Friday, August 17, 2007

Transformation Through Birth

This afternoon I finished reading Transformation Through Birth. It is by Claudia Panuthos, who also wrote the excellent Ended Beginnings (about miscarriage, stillbirth, neonatal death, and healing all sorts of childbearing losses. Required reading for ALACE certification). I had never heard of this book until two weeks ago when another Leader recommended it to me. It was written in 1984, so you'd think I would have noticed it before now! Anyway, it was pretty good and barely "dated" at all (there were a few things, such as a section about the Age of Aquarius {??}). I enjoy books that are designed to help women with the emotional work of pregnancy instead of just the physical work, with a quick dabble into the psyche. I find they are few and far between.

Some points I particularly liked:

"In some sense, childbirth is much like a marathon. Once given some general guidelines, marathon runners know how to breathe, to run, and to complete their race according to their own body signals. Similarly, women know how to breathe, to birth, and to complete the delivery according to their own body signals. Marathon runners who are true champions are free to stop the fast pace, and even quit the race without loss of integrity."

She then makes the point that birth is really more like a "Zen marathon" in that "the focus is to become centered and one with the body, to remain on purpose and directed toward a signle goal and to act from the witness or higher mind within."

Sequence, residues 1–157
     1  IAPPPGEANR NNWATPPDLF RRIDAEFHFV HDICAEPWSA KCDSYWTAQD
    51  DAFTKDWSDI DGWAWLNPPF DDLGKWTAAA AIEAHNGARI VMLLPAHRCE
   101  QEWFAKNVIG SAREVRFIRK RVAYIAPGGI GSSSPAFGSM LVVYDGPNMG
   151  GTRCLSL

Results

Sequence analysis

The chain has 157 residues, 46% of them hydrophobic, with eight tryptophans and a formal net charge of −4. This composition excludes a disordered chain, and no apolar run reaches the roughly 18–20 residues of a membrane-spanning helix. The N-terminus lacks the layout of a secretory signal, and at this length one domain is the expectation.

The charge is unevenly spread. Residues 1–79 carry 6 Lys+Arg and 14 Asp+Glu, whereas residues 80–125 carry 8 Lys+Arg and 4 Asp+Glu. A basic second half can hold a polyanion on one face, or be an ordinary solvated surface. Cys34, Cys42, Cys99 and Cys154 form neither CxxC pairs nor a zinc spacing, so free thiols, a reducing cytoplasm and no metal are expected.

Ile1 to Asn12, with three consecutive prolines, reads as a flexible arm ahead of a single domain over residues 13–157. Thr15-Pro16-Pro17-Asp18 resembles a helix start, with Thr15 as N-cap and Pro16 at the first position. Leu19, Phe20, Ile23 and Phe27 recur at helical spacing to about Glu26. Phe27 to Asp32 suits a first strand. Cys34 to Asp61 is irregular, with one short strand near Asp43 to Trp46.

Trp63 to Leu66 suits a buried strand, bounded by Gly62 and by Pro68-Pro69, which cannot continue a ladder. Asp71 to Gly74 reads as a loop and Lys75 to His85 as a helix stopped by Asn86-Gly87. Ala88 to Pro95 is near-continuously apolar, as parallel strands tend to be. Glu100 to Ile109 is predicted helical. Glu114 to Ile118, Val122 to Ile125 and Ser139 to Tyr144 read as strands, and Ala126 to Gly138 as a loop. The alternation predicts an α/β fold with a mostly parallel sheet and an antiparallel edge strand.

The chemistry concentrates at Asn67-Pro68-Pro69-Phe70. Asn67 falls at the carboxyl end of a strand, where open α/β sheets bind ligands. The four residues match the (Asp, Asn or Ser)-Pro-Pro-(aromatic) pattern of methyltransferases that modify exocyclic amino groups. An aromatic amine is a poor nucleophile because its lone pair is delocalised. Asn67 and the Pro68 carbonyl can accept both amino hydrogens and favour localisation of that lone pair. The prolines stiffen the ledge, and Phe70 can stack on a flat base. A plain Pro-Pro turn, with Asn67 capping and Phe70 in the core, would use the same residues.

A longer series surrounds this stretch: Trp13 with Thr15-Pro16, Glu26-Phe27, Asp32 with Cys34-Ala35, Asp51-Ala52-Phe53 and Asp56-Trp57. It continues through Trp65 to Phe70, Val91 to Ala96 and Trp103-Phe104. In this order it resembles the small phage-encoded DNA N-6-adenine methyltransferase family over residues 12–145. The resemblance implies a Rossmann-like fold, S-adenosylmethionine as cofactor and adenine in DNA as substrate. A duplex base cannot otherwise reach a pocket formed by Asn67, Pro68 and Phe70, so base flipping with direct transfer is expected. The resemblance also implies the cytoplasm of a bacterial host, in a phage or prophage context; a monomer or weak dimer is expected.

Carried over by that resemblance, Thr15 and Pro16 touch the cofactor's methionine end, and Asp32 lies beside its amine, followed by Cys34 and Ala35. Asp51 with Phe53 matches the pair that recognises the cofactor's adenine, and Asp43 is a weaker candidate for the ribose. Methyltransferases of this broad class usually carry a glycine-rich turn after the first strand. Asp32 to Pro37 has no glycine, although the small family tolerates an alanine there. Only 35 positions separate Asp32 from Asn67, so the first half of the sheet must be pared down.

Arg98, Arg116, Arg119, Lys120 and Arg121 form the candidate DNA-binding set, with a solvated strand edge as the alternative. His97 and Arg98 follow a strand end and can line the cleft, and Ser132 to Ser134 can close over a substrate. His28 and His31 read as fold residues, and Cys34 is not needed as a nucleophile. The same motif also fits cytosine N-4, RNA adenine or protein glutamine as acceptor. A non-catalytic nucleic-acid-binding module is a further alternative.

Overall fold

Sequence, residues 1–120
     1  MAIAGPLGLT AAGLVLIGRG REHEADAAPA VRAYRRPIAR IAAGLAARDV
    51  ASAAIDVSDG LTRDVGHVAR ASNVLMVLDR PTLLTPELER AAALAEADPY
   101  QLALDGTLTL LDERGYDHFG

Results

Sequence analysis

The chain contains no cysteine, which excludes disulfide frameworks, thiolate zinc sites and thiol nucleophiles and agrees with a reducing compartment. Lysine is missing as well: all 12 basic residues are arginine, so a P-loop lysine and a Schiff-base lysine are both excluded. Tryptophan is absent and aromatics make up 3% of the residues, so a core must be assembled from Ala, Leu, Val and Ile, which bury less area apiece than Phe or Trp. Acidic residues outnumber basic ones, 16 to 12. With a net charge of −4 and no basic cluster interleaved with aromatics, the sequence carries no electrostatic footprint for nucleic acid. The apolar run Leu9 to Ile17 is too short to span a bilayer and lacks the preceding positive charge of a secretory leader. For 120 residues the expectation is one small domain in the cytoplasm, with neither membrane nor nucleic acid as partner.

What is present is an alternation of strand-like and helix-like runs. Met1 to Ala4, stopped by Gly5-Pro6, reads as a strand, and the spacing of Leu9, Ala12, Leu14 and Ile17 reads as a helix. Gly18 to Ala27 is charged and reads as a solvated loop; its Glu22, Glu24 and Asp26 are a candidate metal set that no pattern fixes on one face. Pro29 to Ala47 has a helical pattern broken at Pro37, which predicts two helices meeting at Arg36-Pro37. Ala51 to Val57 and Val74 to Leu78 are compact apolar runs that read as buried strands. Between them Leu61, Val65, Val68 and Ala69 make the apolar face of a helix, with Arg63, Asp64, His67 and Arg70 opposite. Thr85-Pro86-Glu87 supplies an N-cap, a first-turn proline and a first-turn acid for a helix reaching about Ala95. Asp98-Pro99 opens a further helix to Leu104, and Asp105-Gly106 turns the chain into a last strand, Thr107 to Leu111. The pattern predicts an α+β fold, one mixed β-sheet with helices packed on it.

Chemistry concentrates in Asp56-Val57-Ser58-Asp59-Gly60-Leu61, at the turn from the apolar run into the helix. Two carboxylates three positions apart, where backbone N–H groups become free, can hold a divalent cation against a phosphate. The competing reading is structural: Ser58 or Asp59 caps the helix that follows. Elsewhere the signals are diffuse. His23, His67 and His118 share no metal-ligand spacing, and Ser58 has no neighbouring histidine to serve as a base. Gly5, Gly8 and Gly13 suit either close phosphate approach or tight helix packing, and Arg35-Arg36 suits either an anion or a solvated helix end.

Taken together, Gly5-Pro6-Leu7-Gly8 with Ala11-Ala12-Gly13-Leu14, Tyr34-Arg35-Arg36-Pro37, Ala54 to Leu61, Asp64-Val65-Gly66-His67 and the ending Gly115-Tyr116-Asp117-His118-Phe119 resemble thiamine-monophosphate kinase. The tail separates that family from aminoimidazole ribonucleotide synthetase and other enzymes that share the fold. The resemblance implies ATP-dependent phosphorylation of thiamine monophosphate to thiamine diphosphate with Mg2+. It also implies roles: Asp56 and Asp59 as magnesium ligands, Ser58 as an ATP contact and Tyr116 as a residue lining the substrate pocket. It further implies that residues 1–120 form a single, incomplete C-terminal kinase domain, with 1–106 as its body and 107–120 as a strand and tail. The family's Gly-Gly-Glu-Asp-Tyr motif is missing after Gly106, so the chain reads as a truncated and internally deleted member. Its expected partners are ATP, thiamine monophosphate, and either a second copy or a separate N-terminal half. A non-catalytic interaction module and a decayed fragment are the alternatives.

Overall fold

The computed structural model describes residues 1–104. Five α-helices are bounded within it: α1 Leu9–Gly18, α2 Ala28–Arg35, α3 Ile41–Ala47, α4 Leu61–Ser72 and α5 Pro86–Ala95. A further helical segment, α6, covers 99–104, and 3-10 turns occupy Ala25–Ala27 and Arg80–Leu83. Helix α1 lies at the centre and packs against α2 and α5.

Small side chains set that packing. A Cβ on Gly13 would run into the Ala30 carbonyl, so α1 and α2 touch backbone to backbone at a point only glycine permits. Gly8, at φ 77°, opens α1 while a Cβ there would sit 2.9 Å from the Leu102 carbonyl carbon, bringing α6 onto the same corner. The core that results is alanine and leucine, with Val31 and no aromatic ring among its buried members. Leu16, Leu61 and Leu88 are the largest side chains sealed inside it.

"Because we view marathon running as an expression of ultimate physical health, a similar attitude toward childbearing may greatly aid in the altering of present attitudes that respond to childbearing as an abnormal condition requiring medical treatment."

This reminds me of something one of the doctors in the Business of Being Born film said that made me really outraged. He said something to the effect of: "in three months you're just going to be pushing a baby in a stroller, so what difference does it make how you gave birth?" What difference does it make?! Would anyone even THINK to say something like that to a marathon runner or Olympian--"in three months, you'll just be pushing a baby in a stroller, who cares that you won a gold medal?" (analogy side note, feeling good that you won a gold medal [gave birth in a triumphant and empowering way] does not invalidate or cause guilt in those who did not run the marathon, or had to quit early, or needed help finishing. There is no shame in not running, but there is also rightful PRIDE and "glory" in finishing the "race" you set out on. Someday soon I will be developing this analogy into a real essay, so wait for that!)

Okay, back to the actual book I read! A gem of a quote:

"Women who birth joyfully do so because of who they are, what they believe, and how they live."

With regard to cesarean birth experiences (different section/context than quote above, but compatible when paired):

"For the woman who delivered surgically, her task is to see that she was attempting to save her baby's life through an act of personal courage."

I also love the author's concept of encouraging and preparing for postpartum EXPRESSION instead of postpartum depression (the theory being that stuffed down, unexpressed feelings, moods, conflicts, emotions contribute to depression by repression of expression. That's my own bit of alliteration there--I'm so catchy! ;-)

1 comment:

Laborpayne said...

You've been tagged!

RULES - Post rules before giving the facts - Players start with eight random facts/habits about themselves - People who are tagged need to write their own blog about their eight things and post these rules - At the end of the your blog you need to tag six people and list their names - Leave them a comment on their blog, telling them they have been tagged and not to forget to read your blog.
Laborpayne